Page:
Humans are killing off species thousands of times faster than nature creates them, new research finds.
The modern rate of extinction across species is 1,000 times that of the background rate before humans began altering the globe and thousands of times faster than the creation of new species, according to a new study in the journal Conservation Biology. The findings echo and expand on previous research published in the journal Science, which also suggested that humans are on the verge of causing a sixth mass extinction on Earth.
"We now know for certain how much faster species are going extinct," said Stuart Pimm, a conservation ecologist at Duke University and president of the nonprofit conservation group Saving Species.
To put it in concrete terms, Pimm told Live Science, without human activities, the planet should lose a bird species only about once every 1,000 years. In actuality, at least 150 species of birds have gone extinct in the last 500 years alone, according to conservation partnership BirdLife International. [6 Extinct Animals That Could Be Brought Back to Life]
The new work, which is part of the same research initiative that was the basis of the paper published in Science in May, is the final piece in a five-year project to understand how many species there are, how many are unknown and how fast they're going extinct, Pimm said.
"Getting the rates of extinction now is pretty straightforward," he said. "You basically look at the obituary notices."
The past, however, is harder to illuminate. Fossils can trace the history of some diversifications and extinctions, but they preserve mostly marine animals rather than land animals, and do so in a spotty record. The total number of species is another clue, as it can reveal how quickly species diversify.
"You don't need very much information for that. The first bird was Archaeopteryx, and we now have 10,000 species of birds, so you can work out how fast new bird species are created," Pimm said. Archaeopteryx is considered a transition species between dinosaurs and birds.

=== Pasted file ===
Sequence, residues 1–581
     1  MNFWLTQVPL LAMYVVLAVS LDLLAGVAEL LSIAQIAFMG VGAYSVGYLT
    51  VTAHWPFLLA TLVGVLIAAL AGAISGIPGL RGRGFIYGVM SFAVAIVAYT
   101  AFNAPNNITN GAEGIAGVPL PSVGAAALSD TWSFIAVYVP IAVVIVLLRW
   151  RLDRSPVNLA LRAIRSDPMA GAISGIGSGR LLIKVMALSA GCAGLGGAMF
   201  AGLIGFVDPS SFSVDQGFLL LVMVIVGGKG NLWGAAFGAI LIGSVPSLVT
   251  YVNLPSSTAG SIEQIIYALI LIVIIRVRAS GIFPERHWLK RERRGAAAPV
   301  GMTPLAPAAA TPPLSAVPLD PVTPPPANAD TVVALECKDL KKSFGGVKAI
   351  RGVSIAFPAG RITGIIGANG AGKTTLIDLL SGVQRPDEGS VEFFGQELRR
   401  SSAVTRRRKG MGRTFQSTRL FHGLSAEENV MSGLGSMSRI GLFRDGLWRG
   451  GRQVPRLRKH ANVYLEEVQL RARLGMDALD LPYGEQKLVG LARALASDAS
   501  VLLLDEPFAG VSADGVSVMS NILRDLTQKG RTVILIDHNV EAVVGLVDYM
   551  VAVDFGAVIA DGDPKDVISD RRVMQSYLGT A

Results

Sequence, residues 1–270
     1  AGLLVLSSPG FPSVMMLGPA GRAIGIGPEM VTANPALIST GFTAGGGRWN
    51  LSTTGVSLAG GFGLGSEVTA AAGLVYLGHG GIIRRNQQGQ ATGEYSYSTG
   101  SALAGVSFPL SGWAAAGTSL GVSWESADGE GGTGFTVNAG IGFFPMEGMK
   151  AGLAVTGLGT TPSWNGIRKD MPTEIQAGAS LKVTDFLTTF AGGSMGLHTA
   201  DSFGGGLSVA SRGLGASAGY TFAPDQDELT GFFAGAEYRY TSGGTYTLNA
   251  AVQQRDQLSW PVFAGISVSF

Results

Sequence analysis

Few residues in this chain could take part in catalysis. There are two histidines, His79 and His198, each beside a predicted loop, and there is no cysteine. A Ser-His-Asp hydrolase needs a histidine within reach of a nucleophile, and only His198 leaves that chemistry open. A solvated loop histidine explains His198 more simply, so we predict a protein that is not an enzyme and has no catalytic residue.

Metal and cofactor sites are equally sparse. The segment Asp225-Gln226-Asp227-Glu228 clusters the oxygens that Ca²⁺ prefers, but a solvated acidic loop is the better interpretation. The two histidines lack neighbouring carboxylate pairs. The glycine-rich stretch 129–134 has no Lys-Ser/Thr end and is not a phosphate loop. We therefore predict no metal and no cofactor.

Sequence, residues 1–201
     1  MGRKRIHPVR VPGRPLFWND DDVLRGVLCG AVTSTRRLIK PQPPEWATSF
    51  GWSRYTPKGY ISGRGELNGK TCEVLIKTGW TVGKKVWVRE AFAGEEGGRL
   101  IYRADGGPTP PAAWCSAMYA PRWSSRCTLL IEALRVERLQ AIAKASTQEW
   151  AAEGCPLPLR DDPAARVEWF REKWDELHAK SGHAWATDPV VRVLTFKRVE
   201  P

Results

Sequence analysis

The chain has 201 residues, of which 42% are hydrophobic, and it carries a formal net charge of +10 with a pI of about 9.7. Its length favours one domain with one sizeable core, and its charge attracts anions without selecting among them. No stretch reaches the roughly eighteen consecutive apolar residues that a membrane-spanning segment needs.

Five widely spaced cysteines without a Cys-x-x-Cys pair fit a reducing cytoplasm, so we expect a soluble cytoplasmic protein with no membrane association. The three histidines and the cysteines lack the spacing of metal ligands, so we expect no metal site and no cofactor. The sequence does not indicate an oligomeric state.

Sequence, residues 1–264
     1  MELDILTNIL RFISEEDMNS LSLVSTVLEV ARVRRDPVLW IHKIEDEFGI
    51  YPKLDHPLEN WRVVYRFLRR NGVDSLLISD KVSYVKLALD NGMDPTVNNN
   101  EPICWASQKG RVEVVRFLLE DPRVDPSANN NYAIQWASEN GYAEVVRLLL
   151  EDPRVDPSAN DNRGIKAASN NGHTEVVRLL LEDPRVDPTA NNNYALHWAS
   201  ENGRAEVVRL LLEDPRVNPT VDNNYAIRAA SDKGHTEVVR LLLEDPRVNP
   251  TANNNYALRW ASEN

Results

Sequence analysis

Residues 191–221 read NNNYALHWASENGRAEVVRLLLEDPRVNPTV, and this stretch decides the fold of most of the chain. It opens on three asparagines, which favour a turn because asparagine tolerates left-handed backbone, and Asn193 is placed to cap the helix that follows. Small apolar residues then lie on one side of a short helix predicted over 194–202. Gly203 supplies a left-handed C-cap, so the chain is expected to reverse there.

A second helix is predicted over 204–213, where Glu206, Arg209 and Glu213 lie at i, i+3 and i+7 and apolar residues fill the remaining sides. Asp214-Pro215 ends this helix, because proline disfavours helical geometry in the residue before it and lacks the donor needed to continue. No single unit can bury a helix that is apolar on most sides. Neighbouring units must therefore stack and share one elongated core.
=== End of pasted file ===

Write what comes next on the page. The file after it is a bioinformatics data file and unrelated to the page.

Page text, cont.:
But diversification data don't reveal the whole story. Species might be going extinct continuously but could still become more diverse if species formation happens more often than extinction.
Pimm, along with lead author Jurriaan de Vos of Brown University and their colleagues, turned to DNA data to fill in the gaps.
Using molecular phylogenies — family trees created by a comparison of DNA among species — the researchers tracked how species are born and die over time. This is the first time the three sources of information, from fossils to diversification to molecular phylogenies, have been tied together, Pimm said.
Diversification versus extinction
The results were sobering: Species are not "living fast and dying young," which is a blow to biodiversity, Pimm said. There is no bump in diversification to offset the rapid pace of extinction, he said.
"The idea is that near the present, just within the last 100,000 years, the last million years, there ought to be a blip in the number of species, because they haven't had a chance to go extinct yet," Pimm said. "The bottom line is, there is no blip."
The study also found that the background rate of extinction should be about one species per 10 million annually. Today, between 100 and 1,000 species per million vanish annually. Meanwhile, new species come into being at a rate of between 0.05 and 0.2 per million annually.
Policymakers often question whether the current high rates of extinction are worth worrying about, Pimm said, given that species wink out of existence all the time.
"It's like death and taxes," Pimm said. "They may be inevitable, but you don't want them to be too high."
The new and clarified understanding of the scope of the problem will feed into strategies to reduce extinctions, Pimm said. "We want to get on with the business of saving biodiversity," he said.
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Stephanie Pappas is a contributing writer for Live Science, covering topics ranging from geoscience to archaeology to the human brain and behavior. She was previously a senior writer for Live Science but is now a freelancer based in Denver, Colorado, and regularly contributes to Scientific American and The Monitor, the monthly magazine of the American Psychological Association. Stephanie received a bachelor's degree in psychology from the University of South Carolina and a graduate certificate in science communication from the University of California, Santa Cruz.